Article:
Freight car details are not overlooked by CMA either. #1010 contains 16 delicate freight car ladders with stirrups. #1018 contains 48 bracket style grabirons used on the left side and ends of steel boxcars. Finally, if you are tired of the monotony of wood roof walks on your box cars, replace them with kit #1016 See-Through Steel grate roof walks. These are very thin in cross section and include the small end platforms for the corners of the roof over the ladders. These can also be used on industrial buildings for walkways, as walkways over the fans on RS-3's and anywhere else your imagination sees a place for them. You get three complete roofwalks for $5.95. Also offered are packages of phosphor bronze wire in sizes .008 through .032 at $2.50 a pack.
Recent additions for structures and structure details are kit #1024 which builds up into three coal bins, the style often seen at depots or train order stations. #1025 is for 3 Outhouses with great board and shingle detail, a hinged door and windows so your Preiser figures can catch up on their reading in those moments of "reflection." Both of these sets sell for $5.95. Rounding out the line are kits #1001 that makes a fine elevated mail crane for $5.95 and #1002 Oil Column for fueling oil fired steam locomotives at $6.95.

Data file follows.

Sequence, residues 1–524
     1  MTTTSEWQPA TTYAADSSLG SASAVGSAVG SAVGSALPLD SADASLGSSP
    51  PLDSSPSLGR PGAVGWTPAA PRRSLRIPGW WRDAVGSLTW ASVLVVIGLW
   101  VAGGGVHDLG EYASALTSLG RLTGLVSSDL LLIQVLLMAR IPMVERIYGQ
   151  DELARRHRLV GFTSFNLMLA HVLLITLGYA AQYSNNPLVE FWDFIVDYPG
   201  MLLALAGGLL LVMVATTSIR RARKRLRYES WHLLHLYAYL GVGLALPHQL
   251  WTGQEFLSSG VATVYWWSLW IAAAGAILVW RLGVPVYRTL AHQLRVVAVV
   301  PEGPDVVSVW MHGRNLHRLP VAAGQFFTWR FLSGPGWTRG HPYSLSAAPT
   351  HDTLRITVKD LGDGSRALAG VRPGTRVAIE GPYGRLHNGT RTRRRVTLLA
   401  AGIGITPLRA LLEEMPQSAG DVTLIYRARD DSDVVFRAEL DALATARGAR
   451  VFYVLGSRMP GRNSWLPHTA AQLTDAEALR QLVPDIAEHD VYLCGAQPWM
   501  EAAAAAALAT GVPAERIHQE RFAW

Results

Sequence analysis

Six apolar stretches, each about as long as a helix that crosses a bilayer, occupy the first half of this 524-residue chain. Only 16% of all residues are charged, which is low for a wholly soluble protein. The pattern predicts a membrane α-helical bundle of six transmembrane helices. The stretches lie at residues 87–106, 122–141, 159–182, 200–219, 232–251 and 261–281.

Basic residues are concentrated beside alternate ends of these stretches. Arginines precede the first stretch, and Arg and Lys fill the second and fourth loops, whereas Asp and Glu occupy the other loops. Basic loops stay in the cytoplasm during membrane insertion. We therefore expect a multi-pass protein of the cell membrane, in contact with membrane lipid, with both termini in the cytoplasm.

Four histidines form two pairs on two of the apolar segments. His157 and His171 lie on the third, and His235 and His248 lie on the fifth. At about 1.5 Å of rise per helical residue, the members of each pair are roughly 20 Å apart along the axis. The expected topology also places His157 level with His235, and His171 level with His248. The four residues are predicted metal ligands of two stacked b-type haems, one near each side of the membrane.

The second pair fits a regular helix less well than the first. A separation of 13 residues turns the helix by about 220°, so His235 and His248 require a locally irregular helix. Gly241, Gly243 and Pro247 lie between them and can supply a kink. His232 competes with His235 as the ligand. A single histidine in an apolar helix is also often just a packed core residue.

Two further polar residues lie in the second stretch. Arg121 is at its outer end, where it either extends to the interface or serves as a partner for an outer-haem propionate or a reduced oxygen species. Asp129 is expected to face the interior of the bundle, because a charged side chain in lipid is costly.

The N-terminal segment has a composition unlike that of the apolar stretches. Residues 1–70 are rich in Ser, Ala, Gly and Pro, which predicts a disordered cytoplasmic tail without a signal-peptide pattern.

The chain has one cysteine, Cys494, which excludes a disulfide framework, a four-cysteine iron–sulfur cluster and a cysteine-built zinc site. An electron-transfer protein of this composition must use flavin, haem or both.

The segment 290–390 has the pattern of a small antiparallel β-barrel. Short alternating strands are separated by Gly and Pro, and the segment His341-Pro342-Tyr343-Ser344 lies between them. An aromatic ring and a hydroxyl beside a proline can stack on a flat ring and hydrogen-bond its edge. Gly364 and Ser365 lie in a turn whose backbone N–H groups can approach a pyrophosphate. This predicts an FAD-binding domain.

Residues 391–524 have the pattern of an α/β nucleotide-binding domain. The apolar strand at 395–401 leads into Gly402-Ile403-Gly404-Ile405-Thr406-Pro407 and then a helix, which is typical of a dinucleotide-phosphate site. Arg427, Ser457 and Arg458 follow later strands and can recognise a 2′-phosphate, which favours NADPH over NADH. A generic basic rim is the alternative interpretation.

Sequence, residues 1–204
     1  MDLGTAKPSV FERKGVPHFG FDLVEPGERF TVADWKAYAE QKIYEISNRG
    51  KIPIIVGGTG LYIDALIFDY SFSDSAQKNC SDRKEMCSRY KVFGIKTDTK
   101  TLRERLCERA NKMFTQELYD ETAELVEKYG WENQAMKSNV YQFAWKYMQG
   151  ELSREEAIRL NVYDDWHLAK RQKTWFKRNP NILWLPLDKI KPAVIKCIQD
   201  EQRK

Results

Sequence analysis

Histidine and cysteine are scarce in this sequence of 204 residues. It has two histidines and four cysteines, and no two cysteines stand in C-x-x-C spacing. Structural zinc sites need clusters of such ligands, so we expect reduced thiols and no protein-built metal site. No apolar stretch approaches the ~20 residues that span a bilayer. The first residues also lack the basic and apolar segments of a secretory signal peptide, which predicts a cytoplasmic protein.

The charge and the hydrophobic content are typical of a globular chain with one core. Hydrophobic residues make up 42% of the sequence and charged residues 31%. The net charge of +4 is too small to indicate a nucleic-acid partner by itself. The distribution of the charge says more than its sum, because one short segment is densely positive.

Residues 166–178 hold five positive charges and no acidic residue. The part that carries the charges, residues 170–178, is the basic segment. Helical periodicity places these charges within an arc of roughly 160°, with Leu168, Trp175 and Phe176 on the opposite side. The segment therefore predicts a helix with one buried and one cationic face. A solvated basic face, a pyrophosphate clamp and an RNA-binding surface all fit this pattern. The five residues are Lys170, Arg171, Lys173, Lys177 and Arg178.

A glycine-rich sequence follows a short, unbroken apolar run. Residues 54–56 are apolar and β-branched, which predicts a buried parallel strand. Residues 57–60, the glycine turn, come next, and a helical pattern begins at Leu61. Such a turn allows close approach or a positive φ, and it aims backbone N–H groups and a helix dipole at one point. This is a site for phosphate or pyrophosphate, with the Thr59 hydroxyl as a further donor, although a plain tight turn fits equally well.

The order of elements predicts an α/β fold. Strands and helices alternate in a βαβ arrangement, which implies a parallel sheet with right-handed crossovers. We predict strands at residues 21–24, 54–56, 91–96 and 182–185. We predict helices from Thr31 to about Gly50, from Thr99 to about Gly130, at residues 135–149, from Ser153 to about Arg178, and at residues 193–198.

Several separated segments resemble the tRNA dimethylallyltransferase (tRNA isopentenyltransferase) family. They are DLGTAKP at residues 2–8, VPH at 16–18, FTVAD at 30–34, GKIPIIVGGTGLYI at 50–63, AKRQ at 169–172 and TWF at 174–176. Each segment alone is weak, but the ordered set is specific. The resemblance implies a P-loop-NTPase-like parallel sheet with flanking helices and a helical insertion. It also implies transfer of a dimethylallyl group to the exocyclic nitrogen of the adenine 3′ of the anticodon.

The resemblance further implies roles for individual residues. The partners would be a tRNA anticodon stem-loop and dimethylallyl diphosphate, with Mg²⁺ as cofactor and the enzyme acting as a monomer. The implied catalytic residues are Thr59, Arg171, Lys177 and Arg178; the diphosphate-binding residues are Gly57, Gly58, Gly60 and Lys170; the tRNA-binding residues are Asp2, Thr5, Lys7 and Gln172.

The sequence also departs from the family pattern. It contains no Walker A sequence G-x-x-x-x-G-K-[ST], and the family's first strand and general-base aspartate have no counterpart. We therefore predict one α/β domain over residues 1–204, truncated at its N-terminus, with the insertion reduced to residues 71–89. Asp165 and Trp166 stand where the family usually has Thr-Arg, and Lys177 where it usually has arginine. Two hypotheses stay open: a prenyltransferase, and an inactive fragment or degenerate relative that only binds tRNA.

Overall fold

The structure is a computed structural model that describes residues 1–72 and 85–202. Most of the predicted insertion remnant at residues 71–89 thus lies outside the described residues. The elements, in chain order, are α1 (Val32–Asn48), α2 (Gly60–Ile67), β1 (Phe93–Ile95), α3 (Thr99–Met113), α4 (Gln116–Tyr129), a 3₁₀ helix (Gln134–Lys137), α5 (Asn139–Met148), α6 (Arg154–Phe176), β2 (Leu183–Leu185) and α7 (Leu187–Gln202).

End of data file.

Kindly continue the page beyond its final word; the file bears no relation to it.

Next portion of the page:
I recently had the privilege of photographing a stunning model railroad based on the Rutland Railroad in Vermont circa mid 1950s for an upcoming feature in Railroad Model Craftsman. One of the things that made this layout so special and realistic was the inclusion of many small trackside details around depots, grade crossings and sidings. These details were painstakingly scratchbuilt long before CMA came onto the market with similar details. Look at photos along the O&W and chances are a few of the similar details produced by CMA are lurking almost unseen somewhere in the photo. CMA has really found a niche for specific details that have long been overlooked and were oftentimes too small and/or too finicky to scratchbuild in any great numbers for use around a layout. And two of these are perfect for O&W prototypes!!
I couldn't recommend a line of model railroad products any higher!!!!! Look for them at your local hobby shop or contact CMA direct for a catalog and ordering instructions. Write to Creative Model Associates, P.O. Box 540, Plainview, NY 11803-0540... and enclose a stamped self-addressed envelope.
Editor's Note: Don's superb photography illustrated his fine article on Ron Vassallo's O&W HO gauge layout in the February 1999 Railroad Model Craftsman.
From the Editor's Desk: Here are some spy photos taken by one of the Port Richmonds neighboring roads as F-3 #822 rolls past a scratchbuilt O&W icehouse and another photo showing just the icehouse itself, which was built entirely out of styrene. The ladders are Evergreen ladder stock kits and the roof is masking tape. Perhaps one of the PR's competitors is eyeing some of the milk business? Stay Tuned.......